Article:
Sexual Desire 57 57 3.42 2.79 0.871 0.748 0.115 0.099
Sexual Arousal 57 57 4.68 4.55 0.935 0.889 0.124 0.118
Vaginal Lubrication 57 57 3.45 3.34 0.295 0.401 0.039 0.053
Orgasm 57 57 3.57 4.08 0.688 0.446 0.091 0.059
Pain 57 57 1.89 2.67 0.909 1.007 0.121 0.133
Sexual Satisfaction 57 57 4.88 5.14 1.606 0.669 0.213 0.088
Sexual Function Level 57 57 21.89 22.57 3.423 1.961 0.453 0.259

Note. PG = Pregnancy; PP = Postpartum.

Moreover, concerning these women with episiotomy’s Sexual Arousal, presented no statistically significant differences after delivery (M = 4.55; SEM = 0.12), as compared to during the pregnancy (M = 4.68; SEM = 0.12) (t (56) = 0.78; p > 0.05) (Table 1).

We also found that, women with episiotomy presented higher levels of Vaginal Lubrication during the pregnancy (M = 3.45; SEM = 0.4) than after birth (M = 3.34; SEM = 0.05), but the differences between the two moments did not reach statistical significance (t (56) = 1.72; p > 0.05) (Table 1).

When comparing the Orgasm mean levels in the postpartum period (M = 4.08; SEM = 0.06) with the gestation period (M = 3.57; SEM = 0.09), we can observe that the orgasm occurrence did not change between the two moments sampled (t (56) = -4.64; p < 0.001) (Table 1).

Concerning Pain, its average intensity after delivery (M = 2.67; SEM = 0.13) was significantly higher that the pain intensity during the pregnancy (M = 1.89; SEM = 0.12; t (56) = -.31; p < 0.001) (Table 1).

Furthermore, women with episiotomy presented higher average levels of Sexual Satisfaction after birth (M = 5.14; SEM = 0.09), than during the gestation period (M = 4.88; SEM = 0.21). However these differences were not statistically significant (t (56) = -1.247; p > 0.05) (Table 1).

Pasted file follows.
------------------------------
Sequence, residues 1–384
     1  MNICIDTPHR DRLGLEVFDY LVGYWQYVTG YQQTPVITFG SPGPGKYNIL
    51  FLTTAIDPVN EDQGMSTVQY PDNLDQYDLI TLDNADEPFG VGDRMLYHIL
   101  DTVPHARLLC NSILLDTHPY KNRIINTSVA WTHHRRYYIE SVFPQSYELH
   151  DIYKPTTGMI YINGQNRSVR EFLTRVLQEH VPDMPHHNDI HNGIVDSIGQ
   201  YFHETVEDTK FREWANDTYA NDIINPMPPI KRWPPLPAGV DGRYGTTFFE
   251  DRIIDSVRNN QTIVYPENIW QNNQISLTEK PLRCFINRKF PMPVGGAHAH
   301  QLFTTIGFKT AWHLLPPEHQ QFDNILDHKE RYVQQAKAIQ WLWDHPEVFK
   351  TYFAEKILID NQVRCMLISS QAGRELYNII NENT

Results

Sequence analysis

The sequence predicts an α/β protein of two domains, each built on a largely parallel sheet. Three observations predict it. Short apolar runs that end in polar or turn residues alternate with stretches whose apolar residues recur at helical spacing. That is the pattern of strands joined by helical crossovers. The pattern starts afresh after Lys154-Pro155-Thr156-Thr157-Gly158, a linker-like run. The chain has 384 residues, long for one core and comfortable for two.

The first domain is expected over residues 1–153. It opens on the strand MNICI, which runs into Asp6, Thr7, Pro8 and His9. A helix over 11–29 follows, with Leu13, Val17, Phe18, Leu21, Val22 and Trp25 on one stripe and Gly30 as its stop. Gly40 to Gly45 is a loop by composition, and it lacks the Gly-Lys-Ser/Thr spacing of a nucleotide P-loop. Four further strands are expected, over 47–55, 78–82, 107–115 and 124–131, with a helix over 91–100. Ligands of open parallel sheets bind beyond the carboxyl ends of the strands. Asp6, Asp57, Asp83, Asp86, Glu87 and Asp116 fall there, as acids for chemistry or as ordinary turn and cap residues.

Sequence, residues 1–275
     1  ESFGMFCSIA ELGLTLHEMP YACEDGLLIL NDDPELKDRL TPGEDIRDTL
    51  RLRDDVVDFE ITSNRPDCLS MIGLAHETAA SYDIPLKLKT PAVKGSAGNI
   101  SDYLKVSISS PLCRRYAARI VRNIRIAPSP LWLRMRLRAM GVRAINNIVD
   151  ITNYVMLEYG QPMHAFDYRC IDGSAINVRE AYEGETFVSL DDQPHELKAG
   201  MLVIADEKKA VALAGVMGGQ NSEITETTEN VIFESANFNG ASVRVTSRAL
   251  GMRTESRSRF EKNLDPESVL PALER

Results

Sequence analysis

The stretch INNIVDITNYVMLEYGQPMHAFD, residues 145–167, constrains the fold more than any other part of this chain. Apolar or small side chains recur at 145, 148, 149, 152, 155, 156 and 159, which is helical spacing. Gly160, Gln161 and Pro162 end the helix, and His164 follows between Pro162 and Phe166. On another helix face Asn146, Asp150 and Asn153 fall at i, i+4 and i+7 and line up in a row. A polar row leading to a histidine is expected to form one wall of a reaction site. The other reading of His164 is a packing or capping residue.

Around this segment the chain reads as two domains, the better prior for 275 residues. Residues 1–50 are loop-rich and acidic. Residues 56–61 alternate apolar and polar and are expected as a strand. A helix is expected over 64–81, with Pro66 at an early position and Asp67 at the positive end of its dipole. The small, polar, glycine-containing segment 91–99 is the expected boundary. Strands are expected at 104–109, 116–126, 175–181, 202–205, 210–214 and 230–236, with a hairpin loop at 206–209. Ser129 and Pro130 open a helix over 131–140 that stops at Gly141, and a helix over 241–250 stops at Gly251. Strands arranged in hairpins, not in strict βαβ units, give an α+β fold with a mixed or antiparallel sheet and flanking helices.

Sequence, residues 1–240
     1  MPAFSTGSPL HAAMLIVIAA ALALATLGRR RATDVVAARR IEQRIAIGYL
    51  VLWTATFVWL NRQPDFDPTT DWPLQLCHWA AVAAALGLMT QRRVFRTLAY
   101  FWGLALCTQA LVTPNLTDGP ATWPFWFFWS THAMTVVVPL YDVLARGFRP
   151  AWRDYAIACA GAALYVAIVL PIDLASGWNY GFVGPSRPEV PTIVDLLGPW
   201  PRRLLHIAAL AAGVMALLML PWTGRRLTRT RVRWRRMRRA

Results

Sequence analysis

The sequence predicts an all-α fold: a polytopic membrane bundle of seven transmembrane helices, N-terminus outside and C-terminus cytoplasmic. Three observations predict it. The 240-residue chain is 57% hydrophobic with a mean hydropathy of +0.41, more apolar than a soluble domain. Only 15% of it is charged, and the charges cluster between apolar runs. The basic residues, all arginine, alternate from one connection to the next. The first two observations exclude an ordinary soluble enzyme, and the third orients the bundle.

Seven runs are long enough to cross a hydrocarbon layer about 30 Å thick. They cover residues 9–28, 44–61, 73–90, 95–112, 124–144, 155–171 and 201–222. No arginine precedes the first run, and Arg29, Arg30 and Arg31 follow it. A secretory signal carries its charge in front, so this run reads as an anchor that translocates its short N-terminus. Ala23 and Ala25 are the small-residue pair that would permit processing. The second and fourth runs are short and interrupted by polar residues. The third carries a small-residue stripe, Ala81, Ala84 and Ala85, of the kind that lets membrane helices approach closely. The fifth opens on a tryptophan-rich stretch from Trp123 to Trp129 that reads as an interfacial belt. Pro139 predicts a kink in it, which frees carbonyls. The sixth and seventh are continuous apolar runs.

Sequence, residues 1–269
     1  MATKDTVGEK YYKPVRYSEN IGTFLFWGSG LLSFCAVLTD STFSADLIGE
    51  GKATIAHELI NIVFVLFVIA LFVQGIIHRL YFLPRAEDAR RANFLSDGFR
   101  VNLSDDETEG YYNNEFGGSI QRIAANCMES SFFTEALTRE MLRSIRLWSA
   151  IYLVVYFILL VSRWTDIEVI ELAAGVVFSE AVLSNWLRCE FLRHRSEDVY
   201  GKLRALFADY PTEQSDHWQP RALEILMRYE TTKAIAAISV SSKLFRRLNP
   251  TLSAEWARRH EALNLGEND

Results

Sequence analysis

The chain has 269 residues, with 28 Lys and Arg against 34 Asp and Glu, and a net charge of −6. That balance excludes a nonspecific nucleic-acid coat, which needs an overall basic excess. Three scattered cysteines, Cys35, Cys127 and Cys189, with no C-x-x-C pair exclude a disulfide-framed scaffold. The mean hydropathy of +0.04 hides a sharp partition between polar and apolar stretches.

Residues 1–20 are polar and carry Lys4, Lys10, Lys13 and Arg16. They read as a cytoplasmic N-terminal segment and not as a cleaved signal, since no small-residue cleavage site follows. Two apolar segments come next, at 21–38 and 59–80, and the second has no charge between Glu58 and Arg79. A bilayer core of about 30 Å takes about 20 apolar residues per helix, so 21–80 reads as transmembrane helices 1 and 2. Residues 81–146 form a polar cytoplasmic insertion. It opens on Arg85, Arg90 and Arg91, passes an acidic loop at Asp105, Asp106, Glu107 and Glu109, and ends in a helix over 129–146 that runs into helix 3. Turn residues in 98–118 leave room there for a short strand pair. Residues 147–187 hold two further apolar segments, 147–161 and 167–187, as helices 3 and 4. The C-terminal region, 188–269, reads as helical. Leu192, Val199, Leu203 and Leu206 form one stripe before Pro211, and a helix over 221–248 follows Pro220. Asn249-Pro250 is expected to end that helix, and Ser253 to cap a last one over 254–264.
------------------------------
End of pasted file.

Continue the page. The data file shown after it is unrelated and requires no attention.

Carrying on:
Finally, regarding the Total Level of Sexual Function, after childbirth women with episiotomy presented an average level of sexual function of 22.57 (SEM = 0.26), while during the pregnancy the average level was of 21.89 (SEM = 0.45). These differences were not statistically significant (t (56) = -1.25; p > 0.05) (Table 1).

Discussion [TOP]

The sexual desire levels of women with episiotomy, three months after birth, are not significantly lower when compared to the gestation period. This conclusion goes against previous studies, which have argued that there is a decrease in sexual desire in the transition to parenthood (Figueiredo & Silva, 2005). As reported in previous studies, female sexuality after childbirth can be influenced by the transition to motherhood and the investment in caring for the baby (Figueiredo & Silva, 2005), as well as severely impaired due to postpartum depression (Augusto, Kumar, Calheiros, Matos, & Figueiredo, 1996; Boyce, 2003; Clay & Seehusen, 2004; Coutinho, Baptista, & Moraes, 2002; Figueiredo, 2001; Sousa & Piccinini, 2003).

In addition, some authors state that women with episiotomy present lower levels of desire six months after birth, when compared with their pre-pregnancy levels (Baksu et al., 2007), being this most likely due to the fear felt by these women, because their perineum is affected. Moreover, Barrett et al. (2000) demonstrated that sexual desire is lower in the three months after delivery, increasing thereafter up to six months after the birth, without achieving the levels prior to the delivery.

Regarding sexual arousal, the results showed no significant differences between the pregnancy and the postpartum period, thus going against the literature that defends the idea that the sexual arousal is adversely affected after delivery (Paterson, Davis, Khalifé, Amsel, & Binik, 2009).

As for vaginal lubrication, it was not possible to statistically prove that the presence of episiotomy influences, somehow, the female vaginal lubrication. However, it is important to note that this variable is strongly influenced by the lactation process. Thus, breastfeeding is a known cause of vaginal dryness, dyspareunia and decreased libido. This is due to the physiological reaction of hyperprolactinemia, subsequent to the lactation process, causing decreased levels of oestrogens, progesterone, and androgens. Consequently, the decrease in oestrogen has an impact on the vaginal wall, causing decreased lubrication (Branden, 2000).